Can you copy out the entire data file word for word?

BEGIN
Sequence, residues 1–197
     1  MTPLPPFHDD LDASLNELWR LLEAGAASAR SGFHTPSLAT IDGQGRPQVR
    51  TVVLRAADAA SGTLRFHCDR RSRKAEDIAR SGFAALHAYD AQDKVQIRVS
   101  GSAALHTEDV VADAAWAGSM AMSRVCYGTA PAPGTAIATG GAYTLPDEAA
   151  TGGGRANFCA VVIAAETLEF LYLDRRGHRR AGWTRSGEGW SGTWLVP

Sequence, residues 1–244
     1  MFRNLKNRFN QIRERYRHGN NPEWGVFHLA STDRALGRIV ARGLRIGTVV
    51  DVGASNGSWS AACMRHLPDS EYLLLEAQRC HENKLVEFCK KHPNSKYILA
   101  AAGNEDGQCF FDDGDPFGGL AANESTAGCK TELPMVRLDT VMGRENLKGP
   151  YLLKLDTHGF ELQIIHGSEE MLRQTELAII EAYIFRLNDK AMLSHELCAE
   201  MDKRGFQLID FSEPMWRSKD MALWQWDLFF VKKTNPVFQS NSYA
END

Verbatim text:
Sequence, residues 1–197
     1  MTPLPPFHDD LDASLNELWR LLEAGAASAR SGFHTPSLAT IDGQGRPQVR
    51  TVVLRAADAA SGTLRFHCDR RSRKAEDIAR SGFAALHAYD AQDKVQIRVS
   101  GSAALHTEDV VADAAWAGSM AMSRVCYGTA PAPGTAIATG GAYTLPDEAA
   151  TGGGRANFCA VVIAAETLEF LYLDRRGHRR AGWTRSGEGW SGTWLVP

Sequence, residues 1–244
     1  MFRNLKNRFN QIRERYRHGN NPEWGVFHLA STDRALGRIV ARGLRIGTVV
    51  DVGASNGSWS AACMRHLPDS EYLLLEAQRC HENKLVEFCK KHPNSKYILA
   101  AAGNEDGQCF FDDGDPFGGL AANESTAGCK TELPMVRLDT VMGRENLKGP
   151  YLLKLDTHGF ELQIIHGSEE MLRQTELAII EAYIFRLNDK AMLSHELCAE
   201  MDKRGFQLID FSEPMWRSKD MALWQWDLFF VKKTNPVFQS NSYA